Petals: Vagina Diologues


I just saw a movie that was fascinating and awe-inspiring. And that movie was about vaginas. More specifically, about a book filled with simple artistic photos of vaginas, and its photographer Nick Karras, and the dialogue that ensues about it. I never really thought about the relationship women have with their vaginas until seeing this. Women have very complex relationships with the rest of their bodies, and it seems vaginas, all tucked under there away from sight, don’t get any attention except from doctors and sexual partners. This is a problem. Because so much of what corrupts women’s self-image about themselves “down there” is related to the fact that it gets so ignored. I was stunned to find out that since so many women base their image of what a vagina should look like on junior high puberty pamphlets and porn, that they go through life feeling deformed, because almost nobody actually looks like this, especially that simplistic little diagram.
Another problem is that so often women’s vaginas almost seem to be used as weapons against them. Considered only beautiful when a baby is coming out of them, something otherwise bad, dirty, and the reason for exploitation by men. In fact, something not even good enough to be talked about at all.
One of the most fascinating parts of the movie was when the people at Hustler got a hold of the book and wanted to do a feature. These men, used to seeing photos of vaginas all day, never really stopped to look at how different and beautiful they are. In fact, the one interviewed seemed so stunned that all he could do was repeat himself over and over. Even doctors commented on this new perspective.
To be honest, I didn’t want to write this review. It made me feel a little uncomfortable. But if I didn’t, wouldn’t I be kind of part of the problem? After seeing this, it’s come to my attention that a lot of you ladies would feel a LOT more fabulous if you had a more positive view of yourselves down there. It’s bad enough being concerned that you’re too fat, too thin, too short, too tall, too dark, too pale… without worrying about that too. So I’m making it my duty to tell you that if you have these discomforts, or even if you just love vaginas, you should absolutely see this movie, and buy the book. You may come out of it feeling okay about your body for the first time, and gaining a new perspective on the beauty of women.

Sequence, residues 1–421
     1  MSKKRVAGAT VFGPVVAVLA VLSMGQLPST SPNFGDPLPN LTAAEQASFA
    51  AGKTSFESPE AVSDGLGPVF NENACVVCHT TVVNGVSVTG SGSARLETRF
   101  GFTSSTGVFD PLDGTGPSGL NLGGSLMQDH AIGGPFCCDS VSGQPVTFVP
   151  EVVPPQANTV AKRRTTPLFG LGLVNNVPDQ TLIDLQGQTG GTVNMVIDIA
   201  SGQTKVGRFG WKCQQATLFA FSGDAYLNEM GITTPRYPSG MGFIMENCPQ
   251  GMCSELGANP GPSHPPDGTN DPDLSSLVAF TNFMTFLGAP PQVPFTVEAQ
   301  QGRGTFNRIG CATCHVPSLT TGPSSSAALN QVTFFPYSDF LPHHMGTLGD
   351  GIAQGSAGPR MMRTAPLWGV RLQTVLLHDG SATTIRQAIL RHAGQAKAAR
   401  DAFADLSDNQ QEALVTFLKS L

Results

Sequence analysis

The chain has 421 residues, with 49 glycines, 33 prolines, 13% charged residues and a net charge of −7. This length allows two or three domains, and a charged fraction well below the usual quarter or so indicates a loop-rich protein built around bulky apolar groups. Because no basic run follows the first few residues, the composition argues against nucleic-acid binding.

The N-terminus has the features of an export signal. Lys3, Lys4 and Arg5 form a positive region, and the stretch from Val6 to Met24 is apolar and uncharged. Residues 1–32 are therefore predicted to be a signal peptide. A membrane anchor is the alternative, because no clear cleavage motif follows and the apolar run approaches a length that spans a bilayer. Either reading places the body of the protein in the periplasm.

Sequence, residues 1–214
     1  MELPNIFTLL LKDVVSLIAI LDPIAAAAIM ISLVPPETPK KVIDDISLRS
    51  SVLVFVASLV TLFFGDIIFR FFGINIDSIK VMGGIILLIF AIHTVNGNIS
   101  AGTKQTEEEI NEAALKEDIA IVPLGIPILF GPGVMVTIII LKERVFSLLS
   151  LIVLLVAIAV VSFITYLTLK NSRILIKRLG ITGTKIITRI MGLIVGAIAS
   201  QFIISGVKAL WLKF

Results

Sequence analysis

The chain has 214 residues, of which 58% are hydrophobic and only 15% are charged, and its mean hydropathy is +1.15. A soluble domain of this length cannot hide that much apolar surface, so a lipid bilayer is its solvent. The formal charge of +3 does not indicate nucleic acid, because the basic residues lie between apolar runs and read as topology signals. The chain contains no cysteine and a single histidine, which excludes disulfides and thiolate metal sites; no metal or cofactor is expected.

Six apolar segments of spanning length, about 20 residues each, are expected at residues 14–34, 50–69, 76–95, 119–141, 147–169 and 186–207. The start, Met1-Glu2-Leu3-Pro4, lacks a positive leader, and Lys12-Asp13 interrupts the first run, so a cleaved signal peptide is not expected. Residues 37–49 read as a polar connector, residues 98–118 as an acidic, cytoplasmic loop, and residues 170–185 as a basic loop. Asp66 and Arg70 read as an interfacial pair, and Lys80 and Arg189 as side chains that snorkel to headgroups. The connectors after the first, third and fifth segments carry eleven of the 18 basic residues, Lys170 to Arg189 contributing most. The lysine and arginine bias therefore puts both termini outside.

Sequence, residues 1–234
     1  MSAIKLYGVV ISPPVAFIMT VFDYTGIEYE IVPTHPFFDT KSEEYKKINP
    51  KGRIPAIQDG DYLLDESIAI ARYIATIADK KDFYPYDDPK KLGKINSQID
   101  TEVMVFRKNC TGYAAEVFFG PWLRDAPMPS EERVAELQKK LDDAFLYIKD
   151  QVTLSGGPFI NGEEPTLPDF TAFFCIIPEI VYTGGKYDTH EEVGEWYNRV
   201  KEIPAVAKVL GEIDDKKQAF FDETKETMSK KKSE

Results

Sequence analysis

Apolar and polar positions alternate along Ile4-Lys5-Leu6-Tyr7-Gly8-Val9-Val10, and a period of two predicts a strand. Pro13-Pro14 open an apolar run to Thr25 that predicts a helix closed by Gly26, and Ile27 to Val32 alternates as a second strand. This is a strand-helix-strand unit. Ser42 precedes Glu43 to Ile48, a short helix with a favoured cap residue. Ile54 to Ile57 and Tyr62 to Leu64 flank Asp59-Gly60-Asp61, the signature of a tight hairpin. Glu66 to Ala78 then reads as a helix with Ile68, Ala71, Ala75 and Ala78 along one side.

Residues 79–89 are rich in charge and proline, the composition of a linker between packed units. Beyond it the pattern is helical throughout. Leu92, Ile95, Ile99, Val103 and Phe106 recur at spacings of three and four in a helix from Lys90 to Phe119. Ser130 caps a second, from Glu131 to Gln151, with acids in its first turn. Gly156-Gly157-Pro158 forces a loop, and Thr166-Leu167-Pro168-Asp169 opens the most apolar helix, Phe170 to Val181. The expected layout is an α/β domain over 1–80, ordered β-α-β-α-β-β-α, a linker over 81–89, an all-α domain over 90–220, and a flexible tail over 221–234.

Also check out http://www.myvag.net, a site discussed in the film.

My Thoughts on Weight

I do agree that anyone who is unhealthy should do whatever they can to become so. Of course it’s not that simple. The media has poisoned us to make a lot of us feel not good enough when we really are. Even if you are losing weight in order to be healthier, it can be a tough road when you hate the way you look. A person needs a certain amount of motivation. I’m not here to give you diet advice, I can’t do that. But I do have some thoughts on the matter.

-Don’t look to the wrong role models. Of course you’re going to feel bad about yourself if you’re a size 10 and you keep dwelling on images of girls who are a size 2. The truth is, beauty has no size. Find pictures and role models in beautiful women who are the same size as you. I don’t care what you say, they ARE out there, and I’ve tried to include some in this very article to get you started.

-You don’t look as bad as you think you do. In fact you’re likely very beautiful and just need a way to see it. We are our own worst critics. You probably look at least twice as good to other people as you do to yourself. Don’t dwell on your flaws. Believe me, nobody else will.